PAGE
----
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ORIGINAL ARTICLE
Year : 2016  |  Volume : 20  |  Issue : 4  |  Page : 451-459

Endocrine profile of β-thalassemia major patients followed from childhood to advanced adulthood in a tertiary care center


1 Unit of Pediatric and Adolescent Outpatient Clinic, Quisisana Hospital, Ferrara, Italy
2 Department of Pediatrics, Ain Shams University, Cairo, Egypt
3 Department of Pediatrics, Division of Endocrinology, Alexandria University Children's Hospital, Alexandria, Egypt
4 Student's Hospital, Ministry of Health, Alexandria, Egypt
5 Department of Primary Health Care, Abu Nakhla Hospital, Doha, Qatar
6 First Department of Paediatrics, University of Athens, Athens, Greece

Correspondence Address:
Vincenzo De Sanctis
Pediatric and Adolescent Outpatient Clinic, Quisisana Hospital, 44100 Ferrara
Italy
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Source of Support: None, Conflict of Interest: None


DOI: 10.4103/2230-8210.183456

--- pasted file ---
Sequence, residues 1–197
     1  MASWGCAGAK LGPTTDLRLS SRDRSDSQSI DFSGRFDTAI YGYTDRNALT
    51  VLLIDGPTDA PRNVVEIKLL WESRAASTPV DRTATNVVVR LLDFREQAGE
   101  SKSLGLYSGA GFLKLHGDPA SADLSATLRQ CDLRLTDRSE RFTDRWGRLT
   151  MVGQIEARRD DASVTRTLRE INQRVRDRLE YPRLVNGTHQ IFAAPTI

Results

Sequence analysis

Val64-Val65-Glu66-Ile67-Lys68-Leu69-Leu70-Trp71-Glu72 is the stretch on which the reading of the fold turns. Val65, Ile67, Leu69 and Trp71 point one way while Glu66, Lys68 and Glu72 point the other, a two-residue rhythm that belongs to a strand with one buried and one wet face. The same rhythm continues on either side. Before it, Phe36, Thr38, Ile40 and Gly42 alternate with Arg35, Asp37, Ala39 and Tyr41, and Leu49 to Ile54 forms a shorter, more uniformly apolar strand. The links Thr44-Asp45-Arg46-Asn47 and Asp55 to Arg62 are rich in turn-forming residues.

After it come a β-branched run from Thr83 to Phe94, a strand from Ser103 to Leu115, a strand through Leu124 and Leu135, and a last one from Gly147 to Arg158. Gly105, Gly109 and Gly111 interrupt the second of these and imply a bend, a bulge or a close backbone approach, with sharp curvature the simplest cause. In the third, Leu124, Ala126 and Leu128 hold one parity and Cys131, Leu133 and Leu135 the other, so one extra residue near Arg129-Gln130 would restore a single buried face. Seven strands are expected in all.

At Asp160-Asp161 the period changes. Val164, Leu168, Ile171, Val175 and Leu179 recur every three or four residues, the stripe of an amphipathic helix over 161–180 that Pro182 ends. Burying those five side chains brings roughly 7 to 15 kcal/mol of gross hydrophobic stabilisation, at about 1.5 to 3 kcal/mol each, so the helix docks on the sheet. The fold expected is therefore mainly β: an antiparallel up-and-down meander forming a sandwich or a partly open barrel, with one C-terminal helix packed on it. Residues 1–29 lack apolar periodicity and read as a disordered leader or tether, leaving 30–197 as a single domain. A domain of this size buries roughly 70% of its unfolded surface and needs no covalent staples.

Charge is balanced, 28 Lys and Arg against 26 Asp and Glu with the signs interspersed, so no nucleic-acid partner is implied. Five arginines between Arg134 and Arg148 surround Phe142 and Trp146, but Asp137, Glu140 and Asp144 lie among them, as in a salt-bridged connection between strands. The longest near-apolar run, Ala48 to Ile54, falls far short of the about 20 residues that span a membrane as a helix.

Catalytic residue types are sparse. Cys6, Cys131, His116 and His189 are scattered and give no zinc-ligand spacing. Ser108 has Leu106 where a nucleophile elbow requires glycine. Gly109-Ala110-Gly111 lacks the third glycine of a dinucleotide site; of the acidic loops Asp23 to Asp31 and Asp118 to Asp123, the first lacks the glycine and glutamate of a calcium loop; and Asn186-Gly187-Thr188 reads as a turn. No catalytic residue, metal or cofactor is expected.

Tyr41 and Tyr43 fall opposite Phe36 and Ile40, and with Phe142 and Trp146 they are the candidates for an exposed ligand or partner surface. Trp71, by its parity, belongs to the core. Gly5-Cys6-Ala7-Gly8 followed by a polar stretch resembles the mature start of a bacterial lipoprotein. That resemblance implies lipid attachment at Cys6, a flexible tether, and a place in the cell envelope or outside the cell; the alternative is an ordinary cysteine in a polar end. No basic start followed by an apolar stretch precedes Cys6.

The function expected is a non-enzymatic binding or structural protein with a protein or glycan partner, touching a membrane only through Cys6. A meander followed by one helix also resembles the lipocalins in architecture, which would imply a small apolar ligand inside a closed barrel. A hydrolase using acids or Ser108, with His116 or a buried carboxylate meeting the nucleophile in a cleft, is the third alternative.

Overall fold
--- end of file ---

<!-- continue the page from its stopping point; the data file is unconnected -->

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Aim: Chronic iron overload resulting from frequent transfusions, poor compliance to efficient chelation therapy and chronic liver disease is basically responsible for the most severe complications of thalassemia major (TM). Before conventional treatment, TM was entirely childhood disease with a very short survival. Today, survival improved to 40–50 years and becomes a prevalent disease of adulthood and in the near future it will be one of senility. Furthermore, clinical phenotype of TM is changing with age and appearance of severe complications from the heart and endocrine glands that require special health care from well-informed specialists. Objectives: The aims of our study were to: (1) Imprint the clinical profile of long-lived TM patients; (2) evaluate retrospectively the cumulative incidence of endocrine diseases; (3) identify potential risk factors; and (4) orient the physicians in the modified clinical phenotype and the relative patients' health needs. Design: A retrospective cross-sectional study followed from childhood to adulthood by the same physician in a tertiary thalassemia clinic. Participants: Forty-three long-lived TM patients (mean age: 50.3 ± 10.8 years; range: 45.8–59.5 years; 23 females) were studied. Patients and Methods: An extensive medical history, with detailed clinical and laboratory data, endocrine complications, and current treatments, was obtained. Results: The data indicate that 88.4% of adult TM patients suffered from at least one endocrine complication. The majority of patients developed endocrine complications in the second decade of life when serum ferritin level was very high (12/23 TM female and 8/20 TM male patients, the serum ferritin levels at the diagnosis were above 5.000 ng/ml). Conclusions: These data underline that endocrine and bone complications in adult TM patients are highly prevalent and necessitate close monitoring, treatment, and follow-up. Physicians' strategies to optimize chelation therapy include identifying patients who are at risk for developing organ damage, developing chelation plans, promoting compliance, and educating patients. Several clinical aspects remain to be elucidated such as growth and impairment of glucose tolerance in relation to hepatitis C virus infection. Furthermore, affordable worldwide-established long-term treatment protocols for hypogonadism and osteoporosis are needed.


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